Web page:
Aggregate demand and aggregate supply: concepts, structure and factors that determine them

The section “Microeconomics” analyzes the demand, supply and price of individual goods in single markets. In the section “Macroeconomics” these categories are considered at the level of the national economy. Therefore, here the concepts of “demand”, “supply” and “price” are applied to all products and services created in the country, i.e. to the national product.

To determine aggregate demand, aggregate supply, and aggregate price within a national economy, it is necessary to combine thousands of individual prices, commodities, and markets. Combining them into one aggregate price, one aggregate commodity, and one aggregate market is called aggregation. Thus, the object of macroeconomic analysis, the theory of supply and demand is the national market, the aggregate price (price level) and the real national product.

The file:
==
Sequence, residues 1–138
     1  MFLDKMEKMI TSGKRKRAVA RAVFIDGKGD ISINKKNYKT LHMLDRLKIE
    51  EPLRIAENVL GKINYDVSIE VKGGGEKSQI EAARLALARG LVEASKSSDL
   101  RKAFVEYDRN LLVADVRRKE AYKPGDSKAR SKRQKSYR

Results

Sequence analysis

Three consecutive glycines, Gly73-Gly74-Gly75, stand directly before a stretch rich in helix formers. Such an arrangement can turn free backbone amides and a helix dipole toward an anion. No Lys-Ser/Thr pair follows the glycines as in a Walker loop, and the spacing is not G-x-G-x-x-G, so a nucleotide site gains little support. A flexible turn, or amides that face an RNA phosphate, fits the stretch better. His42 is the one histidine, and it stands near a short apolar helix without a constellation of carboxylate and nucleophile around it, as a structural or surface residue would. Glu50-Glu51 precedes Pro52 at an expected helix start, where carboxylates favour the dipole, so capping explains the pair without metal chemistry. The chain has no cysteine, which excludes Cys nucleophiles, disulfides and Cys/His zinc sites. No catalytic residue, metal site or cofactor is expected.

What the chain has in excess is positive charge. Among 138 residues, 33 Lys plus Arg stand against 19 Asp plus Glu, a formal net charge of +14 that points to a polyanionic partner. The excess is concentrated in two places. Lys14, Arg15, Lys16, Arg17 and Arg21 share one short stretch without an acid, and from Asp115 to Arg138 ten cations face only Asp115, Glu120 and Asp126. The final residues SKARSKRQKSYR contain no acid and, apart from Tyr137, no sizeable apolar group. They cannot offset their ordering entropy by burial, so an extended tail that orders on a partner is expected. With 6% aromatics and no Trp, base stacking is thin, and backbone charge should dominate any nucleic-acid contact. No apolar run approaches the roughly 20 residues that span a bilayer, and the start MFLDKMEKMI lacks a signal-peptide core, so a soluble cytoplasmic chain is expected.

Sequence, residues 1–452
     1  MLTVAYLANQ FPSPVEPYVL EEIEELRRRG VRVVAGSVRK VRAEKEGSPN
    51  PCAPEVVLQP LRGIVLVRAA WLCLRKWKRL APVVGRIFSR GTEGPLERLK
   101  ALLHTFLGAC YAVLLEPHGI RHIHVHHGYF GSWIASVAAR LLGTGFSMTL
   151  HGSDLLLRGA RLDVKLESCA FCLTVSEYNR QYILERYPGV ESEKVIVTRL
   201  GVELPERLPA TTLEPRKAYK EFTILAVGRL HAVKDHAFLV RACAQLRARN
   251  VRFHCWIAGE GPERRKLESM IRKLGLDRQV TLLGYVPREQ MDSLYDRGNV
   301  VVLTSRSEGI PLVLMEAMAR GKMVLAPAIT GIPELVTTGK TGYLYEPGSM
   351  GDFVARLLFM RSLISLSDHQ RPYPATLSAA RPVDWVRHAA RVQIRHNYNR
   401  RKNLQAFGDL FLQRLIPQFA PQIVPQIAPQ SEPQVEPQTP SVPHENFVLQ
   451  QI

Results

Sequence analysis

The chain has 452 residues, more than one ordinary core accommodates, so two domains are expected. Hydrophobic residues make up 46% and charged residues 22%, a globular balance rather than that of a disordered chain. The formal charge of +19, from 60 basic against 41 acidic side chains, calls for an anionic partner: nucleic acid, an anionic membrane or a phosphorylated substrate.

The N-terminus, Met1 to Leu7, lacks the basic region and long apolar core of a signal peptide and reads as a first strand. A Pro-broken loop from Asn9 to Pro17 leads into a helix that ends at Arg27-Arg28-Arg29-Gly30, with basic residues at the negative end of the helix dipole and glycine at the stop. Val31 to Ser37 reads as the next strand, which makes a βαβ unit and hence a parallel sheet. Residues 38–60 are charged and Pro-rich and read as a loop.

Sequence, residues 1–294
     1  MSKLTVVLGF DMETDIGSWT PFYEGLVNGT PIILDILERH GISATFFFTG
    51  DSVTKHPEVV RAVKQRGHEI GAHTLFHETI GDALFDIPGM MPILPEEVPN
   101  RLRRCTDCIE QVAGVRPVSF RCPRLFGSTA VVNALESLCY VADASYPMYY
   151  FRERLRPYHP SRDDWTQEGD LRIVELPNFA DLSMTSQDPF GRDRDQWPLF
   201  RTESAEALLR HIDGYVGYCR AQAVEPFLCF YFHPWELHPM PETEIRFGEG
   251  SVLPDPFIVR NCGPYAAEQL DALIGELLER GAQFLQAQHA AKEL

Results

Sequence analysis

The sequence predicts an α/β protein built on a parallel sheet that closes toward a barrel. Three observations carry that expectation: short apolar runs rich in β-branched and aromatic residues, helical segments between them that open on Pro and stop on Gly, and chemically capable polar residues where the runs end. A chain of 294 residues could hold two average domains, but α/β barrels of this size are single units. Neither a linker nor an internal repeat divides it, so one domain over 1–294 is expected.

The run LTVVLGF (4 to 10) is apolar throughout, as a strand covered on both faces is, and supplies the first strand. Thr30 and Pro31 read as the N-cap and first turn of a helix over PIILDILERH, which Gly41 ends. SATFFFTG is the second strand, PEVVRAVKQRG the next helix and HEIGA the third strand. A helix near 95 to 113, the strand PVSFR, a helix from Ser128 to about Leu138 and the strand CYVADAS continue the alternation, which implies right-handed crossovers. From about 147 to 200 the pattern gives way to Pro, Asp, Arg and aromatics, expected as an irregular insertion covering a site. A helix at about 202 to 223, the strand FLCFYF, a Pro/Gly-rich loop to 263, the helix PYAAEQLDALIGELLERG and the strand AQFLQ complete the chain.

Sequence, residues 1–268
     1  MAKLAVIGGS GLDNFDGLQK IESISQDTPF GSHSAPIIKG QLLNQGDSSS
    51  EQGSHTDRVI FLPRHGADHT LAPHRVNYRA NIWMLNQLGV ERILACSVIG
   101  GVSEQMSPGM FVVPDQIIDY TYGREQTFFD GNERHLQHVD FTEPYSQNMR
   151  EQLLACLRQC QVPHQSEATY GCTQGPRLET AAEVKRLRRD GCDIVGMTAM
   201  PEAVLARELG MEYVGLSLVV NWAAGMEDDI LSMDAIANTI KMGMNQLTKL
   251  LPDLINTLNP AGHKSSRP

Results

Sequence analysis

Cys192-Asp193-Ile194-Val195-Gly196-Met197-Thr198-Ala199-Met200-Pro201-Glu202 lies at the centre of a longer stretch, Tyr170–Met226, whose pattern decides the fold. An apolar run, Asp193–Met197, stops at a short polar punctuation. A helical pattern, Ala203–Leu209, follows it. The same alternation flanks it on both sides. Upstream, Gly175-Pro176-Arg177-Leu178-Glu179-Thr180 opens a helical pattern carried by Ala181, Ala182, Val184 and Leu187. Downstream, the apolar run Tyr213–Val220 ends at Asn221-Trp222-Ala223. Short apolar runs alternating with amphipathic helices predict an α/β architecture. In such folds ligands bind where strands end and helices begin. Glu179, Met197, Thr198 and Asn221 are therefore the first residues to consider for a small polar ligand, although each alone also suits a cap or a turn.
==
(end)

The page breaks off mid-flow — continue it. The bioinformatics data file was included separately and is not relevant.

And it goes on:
The national market can be considered as a set of socio-economic relations in the sphere of exchange, through which the sale of goods and services, the circulation of capital, the purchase and sale of labor on a national scale are carried out.

The main economic subjects of the national market are the state, households and firms (enterprises). The state provides the population and firms with public goods, carries out purchases of goods and services, and also pays salaries to civil servants. Firms produce products and services, raise money for it and demand labor. Households offer labor and monetary resources, receive remuneration for them and demand the products of firms. Thus, the national market functions in the form of:

market of goods and paid services; money and securities market; labor market.